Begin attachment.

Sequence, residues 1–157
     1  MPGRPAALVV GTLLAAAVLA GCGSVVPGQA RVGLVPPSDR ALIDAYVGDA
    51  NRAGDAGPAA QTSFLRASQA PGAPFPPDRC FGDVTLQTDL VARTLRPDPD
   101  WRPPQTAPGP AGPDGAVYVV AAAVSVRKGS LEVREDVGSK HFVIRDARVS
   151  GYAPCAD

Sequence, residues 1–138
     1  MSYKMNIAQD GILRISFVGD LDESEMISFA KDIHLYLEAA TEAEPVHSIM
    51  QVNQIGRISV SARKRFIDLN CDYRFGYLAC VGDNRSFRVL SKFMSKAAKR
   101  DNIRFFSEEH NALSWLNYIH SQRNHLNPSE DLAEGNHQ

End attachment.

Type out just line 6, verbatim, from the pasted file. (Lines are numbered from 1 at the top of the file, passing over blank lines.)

Sequence, residues 1–138